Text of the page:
Somehow, in the interim we have grown older. Time has passed. In this setting we don’t notice because we’ve gone there together.
One friend and I set off for a stroll across campus. It’s been a while. I want to see what’s changed. We walk past the old and familiar. The brownstone buildings and the well-worn walkways. The statues of famous folks and the gaggles of students. Old and new campus and the lovely Crim Dell. We head to the sunken gardens, a central grassy depression where we used to sit and study or laugh and throw frisbees. Today there is an ugly white tent that covers two thirds of the area. It doesn’t belong there. Do we?
On leaving, I spot a curly blond-headed young man holding the hand of a smiling young woman. I know this boy. He was a student in the church confirmation class I taught 5 years ago. He graduated high school last spring. The twosome is walking toward us but doesn’t notice us. That is the way with young people. They focus on each other.
I am looking around at the campus of my youth. It’s the same old campus, same grounds, same walkways, but it looks different through eyes with thirty years more life. It is spectacular in a new way. Was it this way when we went there. How could I have missed it?
When I frequented the sunken garden, I felt protected by its beauty and was engrossed in learning. Now I’m free to wander. A bit less spryly but still wander. I’m not going places, like I once was. Not worried like I once was. Not even cautious like I once was, though I do watch my step. Because life is full of holes you can fall into if you’re not looking. My wandering has a new dimension; it’s guided.
Today, I look back on a life pock-marked with holes which, ironically, have given me better vision. When I stumble into a depression in the landscape, I look for the staircase out. It’s not a doorway that swings open for me to run through. It’s not a hand to haul me out and set me upright. It’s a staircase lit by the light of Christ. If I take a careful look, I’ll see that something’s amiss. Something is here that shouldn’t be here. Perhaps it’s a big white tent. Or a young blond boy. Or is it me? Wait, it’s Homecoming for both of us.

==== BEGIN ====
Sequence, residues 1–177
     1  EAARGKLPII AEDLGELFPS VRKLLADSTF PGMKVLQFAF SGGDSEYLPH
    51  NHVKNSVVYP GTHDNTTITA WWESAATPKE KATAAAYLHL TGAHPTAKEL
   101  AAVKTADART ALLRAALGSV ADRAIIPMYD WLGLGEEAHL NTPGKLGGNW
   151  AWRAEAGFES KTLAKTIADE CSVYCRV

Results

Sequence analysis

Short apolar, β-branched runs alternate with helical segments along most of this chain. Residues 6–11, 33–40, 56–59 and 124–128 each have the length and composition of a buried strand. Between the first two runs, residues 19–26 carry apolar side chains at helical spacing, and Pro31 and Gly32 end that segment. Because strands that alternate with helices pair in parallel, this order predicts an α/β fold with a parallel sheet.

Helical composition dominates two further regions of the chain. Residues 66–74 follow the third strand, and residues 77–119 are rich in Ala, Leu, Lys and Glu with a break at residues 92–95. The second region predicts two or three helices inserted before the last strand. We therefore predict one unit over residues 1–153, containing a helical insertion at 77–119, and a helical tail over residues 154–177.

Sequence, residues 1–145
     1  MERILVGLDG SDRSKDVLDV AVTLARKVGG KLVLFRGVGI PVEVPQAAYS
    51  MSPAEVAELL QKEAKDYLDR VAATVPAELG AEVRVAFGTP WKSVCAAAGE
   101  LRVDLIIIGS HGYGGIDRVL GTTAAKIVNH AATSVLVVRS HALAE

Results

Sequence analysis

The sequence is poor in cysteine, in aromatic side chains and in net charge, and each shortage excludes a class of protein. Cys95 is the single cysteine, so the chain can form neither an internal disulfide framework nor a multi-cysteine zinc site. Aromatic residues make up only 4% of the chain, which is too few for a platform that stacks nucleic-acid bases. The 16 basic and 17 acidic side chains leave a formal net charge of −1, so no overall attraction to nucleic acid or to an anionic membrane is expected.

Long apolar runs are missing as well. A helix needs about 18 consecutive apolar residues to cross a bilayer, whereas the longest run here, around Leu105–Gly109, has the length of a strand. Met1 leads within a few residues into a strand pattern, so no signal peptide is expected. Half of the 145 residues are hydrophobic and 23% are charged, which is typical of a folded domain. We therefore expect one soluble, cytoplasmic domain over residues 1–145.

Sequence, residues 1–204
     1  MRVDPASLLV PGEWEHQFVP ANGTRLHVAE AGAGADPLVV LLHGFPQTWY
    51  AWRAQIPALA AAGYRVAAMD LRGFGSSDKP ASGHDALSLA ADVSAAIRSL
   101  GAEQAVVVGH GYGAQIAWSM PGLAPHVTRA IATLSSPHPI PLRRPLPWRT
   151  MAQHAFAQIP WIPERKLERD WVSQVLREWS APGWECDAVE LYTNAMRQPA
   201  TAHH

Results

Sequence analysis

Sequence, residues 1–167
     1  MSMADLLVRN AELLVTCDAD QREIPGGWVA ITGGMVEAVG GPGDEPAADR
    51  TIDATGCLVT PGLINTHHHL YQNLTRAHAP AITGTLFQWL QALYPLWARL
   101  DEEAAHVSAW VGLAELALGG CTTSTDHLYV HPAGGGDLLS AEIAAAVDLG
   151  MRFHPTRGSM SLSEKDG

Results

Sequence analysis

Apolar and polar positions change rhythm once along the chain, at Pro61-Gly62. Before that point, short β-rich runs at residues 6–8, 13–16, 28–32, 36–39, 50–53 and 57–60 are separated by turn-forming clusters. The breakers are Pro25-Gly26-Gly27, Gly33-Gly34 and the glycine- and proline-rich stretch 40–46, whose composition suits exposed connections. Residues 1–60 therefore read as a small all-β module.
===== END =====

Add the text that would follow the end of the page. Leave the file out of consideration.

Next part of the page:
It’s what this visit home did for me. It reminded me of who I was. Not to torment me with “you’ll never be like this again” but to show me what’s worth keeping and what doesn’t belong. It’s not carved in brownstone, and yet it is. It’s both long gone and on-going. A continuous looking for the same staircase leading me out yet again. Leading me up.
Christ unfolded that staircase into every depth – he descended even to the dead – to provide a way out for us. I have known His sustenance in those places, even the greening of the grass and the sense of protection, but I’m meant to climb out. At His urging but by my own effort. Putting one foot in front of the other. But I must do so with reverence because upon this ground once tread the feet of Christ. And He carried a cross.
There are heavy, heavy indentations in those marble steps. But they have been unfurled downwards, so I might climb up. Paved a path for me to follow, and for generations to come.
Oh, I facebooked Byron, the young man I had passed, asking him what he was doing in “my sunken garden on my homecoming.” He replied, “The better question is what are You doing in My sunken garden on My homecoming?”
I said, “Glad you asked. Hope you’re having a great year. And in 30 years, I hope you’ll be strolling the old hangouts, too. Don’t look for me then. :)”
He replied, “Thank you very much! 30 years? You best believe I will be looking for you then!”
That kid knows Christ, too.